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USCIS Updates Naturalization Requirement of Good Moral Character

Recently, the U.S. Citizenship and Immigration Sevices has expanded and elaborated on the meaning of “good moral character” in terms of naturalization. Before the expansion, the phrase “good moral character “ was somewhat vague; though most people know what good moral character is, the exact definition may differ slightly from person to person. For this reason, USCIS addressed various specific offenses that may disqualify certain individuals from obtaining U.S. citizenship. If an individual is found to commit an act that adversely reflects on his or her moral character during the statutory period for naturalization, he or she may become ineligible.

Of the decision to update and specify the meaning of “good moral character,” USCIS Deputy Director Mark Koumans said, “In the Immigration and Nationality Act, Congress determined that good moral character is a requirement for naturalization. USCIS is committed to faithfully administering our nation’s lawful immigration system, and this update helps to ensure that our agency’s adjudicators make uniform and fair decisions concerning the consideration of unlawful acts on good moral character when determining eligibility for U.S. citizenship.”

Some examples of unlawful acts that may render individuals ineligible for U.C. citizenship can include any of the following:

  • unlawful harassment
  • unlawful registration to vote
  • unlawful voting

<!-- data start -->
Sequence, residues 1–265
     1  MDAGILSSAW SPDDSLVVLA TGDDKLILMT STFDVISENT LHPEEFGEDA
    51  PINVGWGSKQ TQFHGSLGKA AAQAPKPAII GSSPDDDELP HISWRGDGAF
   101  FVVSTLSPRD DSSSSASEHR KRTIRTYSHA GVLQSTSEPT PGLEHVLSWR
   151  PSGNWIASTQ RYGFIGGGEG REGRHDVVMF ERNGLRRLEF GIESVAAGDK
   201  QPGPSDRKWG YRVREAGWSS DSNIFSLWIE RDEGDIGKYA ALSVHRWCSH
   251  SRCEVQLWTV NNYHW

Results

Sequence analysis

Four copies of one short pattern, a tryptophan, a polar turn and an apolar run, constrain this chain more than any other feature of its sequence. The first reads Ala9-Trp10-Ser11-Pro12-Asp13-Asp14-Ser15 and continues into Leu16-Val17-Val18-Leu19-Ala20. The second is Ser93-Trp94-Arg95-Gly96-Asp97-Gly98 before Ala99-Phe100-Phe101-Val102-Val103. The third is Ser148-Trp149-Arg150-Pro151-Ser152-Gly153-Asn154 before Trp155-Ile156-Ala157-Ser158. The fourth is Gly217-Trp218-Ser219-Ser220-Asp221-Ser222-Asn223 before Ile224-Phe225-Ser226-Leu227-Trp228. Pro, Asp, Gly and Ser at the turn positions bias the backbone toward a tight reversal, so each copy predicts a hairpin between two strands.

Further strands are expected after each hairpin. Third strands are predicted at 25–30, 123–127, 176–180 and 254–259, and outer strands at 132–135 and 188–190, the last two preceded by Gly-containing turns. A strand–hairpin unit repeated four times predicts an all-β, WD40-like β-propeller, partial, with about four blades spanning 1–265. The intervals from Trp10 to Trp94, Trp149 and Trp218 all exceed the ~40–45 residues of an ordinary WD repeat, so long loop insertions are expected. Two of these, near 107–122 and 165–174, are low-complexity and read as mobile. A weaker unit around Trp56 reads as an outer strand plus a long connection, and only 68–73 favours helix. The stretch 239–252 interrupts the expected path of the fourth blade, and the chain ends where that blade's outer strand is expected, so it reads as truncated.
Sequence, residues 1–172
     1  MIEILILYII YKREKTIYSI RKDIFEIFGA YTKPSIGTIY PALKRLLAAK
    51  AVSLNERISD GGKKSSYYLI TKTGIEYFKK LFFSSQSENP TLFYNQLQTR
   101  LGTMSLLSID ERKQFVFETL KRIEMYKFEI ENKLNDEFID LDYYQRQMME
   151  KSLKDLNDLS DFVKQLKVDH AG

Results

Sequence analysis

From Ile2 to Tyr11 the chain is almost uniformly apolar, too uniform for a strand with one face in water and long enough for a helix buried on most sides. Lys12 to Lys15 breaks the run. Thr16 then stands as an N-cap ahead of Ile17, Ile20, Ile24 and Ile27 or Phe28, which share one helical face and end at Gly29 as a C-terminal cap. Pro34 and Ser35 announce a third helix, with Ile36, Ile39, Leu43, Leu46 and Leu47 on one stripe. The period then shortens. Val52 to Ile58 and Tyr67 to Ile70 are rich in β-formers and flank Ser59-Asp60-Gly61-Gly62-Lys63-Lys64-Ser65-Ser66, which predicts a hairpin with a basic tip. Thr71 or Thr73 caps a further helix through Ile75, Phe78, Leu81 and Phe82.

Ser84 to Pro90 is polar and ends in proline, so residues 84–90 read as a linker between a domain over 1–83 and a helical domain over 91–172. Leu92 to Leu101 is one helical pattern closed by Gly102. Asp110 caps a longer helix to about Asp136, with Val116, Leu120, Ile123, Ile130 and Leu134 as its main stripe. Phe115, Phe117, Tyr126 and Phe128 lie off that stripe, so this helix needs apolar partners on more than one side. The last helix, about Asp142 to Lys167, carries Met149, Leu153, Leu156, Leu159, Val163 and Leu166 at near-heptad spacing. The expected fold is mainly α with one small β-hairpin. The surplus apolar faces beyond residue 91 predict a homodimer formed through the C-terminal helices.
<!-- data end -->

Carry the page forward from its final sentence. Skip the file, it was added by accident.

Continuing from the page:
• violation of a U.S. embargo
  • bail jumping
  • bank fraud
  • conspiracy to distribute a controlled substance
  • failure to file or pay taxes
  • false claim to U.S. citizenship
  • falsification of records
  • forgery uttering
  • insurance fraud
  • obstruction of justice
  • sexual assault
  • Social Security fraud

If you have been convicted of any of these crimes, though you still believe you qualify for naturalization, you must not hesitate to speak with our experienced New Jersey immigration firm.

USCIS has recently issued additional policy guidance in the USCIS Policy Manual regarding how two or more conviction of driving under the influence of drugs or alcohol, or post-sentencing changes to criminal sentencing may affect whether you are of “good moral character,” and, therefore, whether you qualify for naturalization.

Generally, the statutory period is about five years long. For the duration of this period of time, you will have to ensure you demonstrate “good moral character” up until you take your Oath of Allegiance–and, of course, for all your time here thereafter. If, however, you do anything to render yourself ineligible, you must reach out to our immigration firm and see how we can help.

Contact our experienced New Jersey firm

We understand how much is on the line when clients face matters related to immigration. If you are in need of experienced legal counsel for matters regarding immigration, please contact the Law Offices of Salvatore A. Falletta, LLC and we would be happy to provide you with assistance. Our firm is located in Lyndhurst, New Jersey. Contact us today to schedule a consultation.